You are sometimes described as Islam's Martin Luther, the 16th-century Christian reformer. Are you?

I do not think I am. My main job is to offer an alternative to the totalitarian view of Islam.

*Comment: Sorush, A former pro-revolution university professor in Iran who is a strong protestor these days.
He was in the United States to teach philosophy as well.
16 posted on 08/24/2003 3:25:48 AM PDT by F14 Pilot
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To: nuconvert; DoctorZIn; RaceBannon; AdmSmith; onyx; McGavin999; BlackVeil; seamole; Pro-Bush; ...
Iran's Khatami Demands British Apology in Arrest of ex-Diplomat

VOA News
24 Aug 2003, 13:06 UTC

Iranian President Mohammad Khatami is demanding Britain apologize for the arrest of a former Iranian diplomat for alleged terrorist activity.

Iranian state media quote Mr. Khatami as saying Iran will have a "strong reaction" to the arrest of Hadi Soleimanpour, the former Iranian ambassador to Argentina.

On Thursday, British police, acting on an international warrant, arrested Mr. Soleimanpour in Durham, northern England.

In his remarks Sunday, Mr. Khatami said he hopes Britain will quickly correct the situation.

The Iranian president called the arrest "politically motivated," and said there are forces trying to pressure Iran's Islamic Republic through unfounded allegations.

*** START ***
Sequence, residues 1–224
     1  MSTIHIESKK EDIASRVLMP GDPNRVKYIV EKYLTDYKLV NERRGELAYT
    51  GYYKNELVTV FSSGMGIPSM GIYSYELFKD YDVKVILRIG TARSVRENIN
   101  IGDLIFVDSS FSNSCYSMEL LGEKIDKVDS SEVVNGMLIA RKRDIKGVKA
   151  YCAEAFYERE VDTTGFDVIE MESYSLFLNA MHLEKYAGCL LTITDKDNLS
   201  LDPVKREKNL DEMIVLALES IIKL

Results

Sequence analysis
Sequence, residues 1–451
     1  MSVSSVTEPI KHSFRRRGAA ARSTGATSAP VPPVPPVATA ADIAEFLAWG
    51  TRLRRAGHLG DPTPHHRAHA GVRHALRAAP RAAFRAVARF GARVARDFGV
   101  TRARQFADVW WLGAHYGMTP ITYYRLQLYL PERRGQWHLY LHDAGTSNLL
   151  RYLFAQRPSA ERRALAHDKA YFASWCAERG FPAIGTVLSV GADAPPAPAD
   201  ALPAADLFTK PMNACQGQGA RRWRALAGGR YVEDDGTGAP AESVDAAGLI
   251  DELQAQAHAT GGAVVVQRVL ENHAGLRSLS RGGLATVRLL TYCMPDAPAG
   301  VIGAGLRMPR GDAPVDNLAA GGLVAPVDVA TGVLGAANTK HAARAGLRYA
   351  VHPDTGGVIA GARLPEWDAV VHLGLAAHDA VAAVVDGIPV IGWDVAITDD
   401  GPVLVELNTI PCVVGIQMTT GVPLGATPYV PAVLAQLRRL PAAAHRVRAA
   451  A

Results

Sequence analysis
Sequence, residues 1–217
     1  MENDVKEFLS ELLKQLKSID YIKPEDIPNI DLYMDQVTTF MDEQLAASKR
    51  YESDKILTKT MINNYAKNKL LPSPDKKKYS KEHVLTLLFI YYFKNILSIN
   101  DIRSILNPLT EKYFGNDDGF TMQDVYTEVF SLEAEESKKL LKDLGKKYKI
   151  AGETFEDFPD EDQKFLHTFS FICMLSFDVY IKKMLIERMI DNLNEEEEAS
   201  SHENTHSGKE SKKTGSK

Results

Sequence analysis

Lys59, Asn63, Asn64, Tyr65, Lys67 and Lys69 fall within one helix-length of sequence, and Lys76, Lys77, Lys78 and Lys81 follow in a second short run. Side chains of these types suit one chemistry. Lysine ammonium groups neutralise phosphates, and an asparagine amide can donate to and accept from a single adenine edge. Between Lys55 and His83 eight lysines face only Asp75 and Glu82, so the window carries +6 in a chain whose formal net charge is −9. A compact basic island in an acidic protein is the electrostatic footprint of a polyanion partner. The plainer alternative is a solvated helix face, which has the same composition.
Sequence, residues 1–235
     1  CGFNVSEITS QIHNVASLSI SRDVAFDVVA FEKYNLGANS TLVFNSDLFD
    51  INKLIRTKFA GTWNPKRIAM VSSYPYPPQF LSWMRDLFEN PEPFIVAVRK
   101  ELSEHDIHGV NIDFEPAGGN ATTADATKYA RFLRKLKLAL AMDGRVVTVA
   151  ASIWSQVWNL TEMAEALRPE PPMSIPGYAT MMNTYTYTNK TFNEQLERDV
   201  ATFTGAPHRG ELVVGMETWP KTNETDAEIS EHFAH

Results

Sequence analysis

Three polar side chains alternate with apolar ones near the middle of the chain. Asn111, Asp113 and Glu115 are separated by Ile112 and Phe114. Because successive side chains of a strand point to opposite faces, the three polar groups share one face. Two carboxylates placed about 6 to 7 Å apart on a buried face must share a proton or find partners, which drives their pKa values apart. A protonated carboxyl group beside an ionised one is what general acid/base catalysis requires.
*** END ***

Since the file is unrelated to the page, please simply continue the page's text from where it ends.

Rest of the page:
However, the British charge d'affaires in Iran, Matthew Gould, said he told Iranian officials Saturday the police decision to arrest Mr. Soleimanpour was independent of the British government.

The arrest warrant, which was issued by Argentina, charges Mr. Soleimanpour with involvement in the July 1994 bombing of a Buenos Aires Jewish community center. The attack killed 85 people. Mr. Soleimanpour was ambassador to Argentina at the time.

Iran has denied any involvement in the community center bombing. Tehran has cut economic and cultural ties with Buenos Aires over the issue.
17 posted on 08/24/2003 6:39:59 AM PDT by F14 Pilot
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To: nuconvert; DoctorZIn; seamole; onyx; AdmSmith; RaceBannon; Valin; Eala; McGavin999; Pro-Bush; ...
Iran escalates envoy arrest row

Last Updated: Sunday, 24 August, 2003, 11:08 GMT 12:08 UK

Iran has demanded an apology from the UK Government over the arrest of its former ambassador to Buenos Aires on terrorism charges.
18 posted on 08/24/2003 6:43:43 AM PDT by F14 Pilot
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To: All
Related news stroy about the Terrorist and foreign fighters in Iraq.
19 posted on 08/24/2003 7:04:43 AM PDT by F14 Pilot
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To: F14 Pilot
She said that families of American victims will receive 10 million dollars for every victim from Libya whereas US paid lower compensation for Iranian victims.

20 posted on 08/24/2003 7:10:44 AM PDT by Valin (America is a vast conspiracy to make you happy.)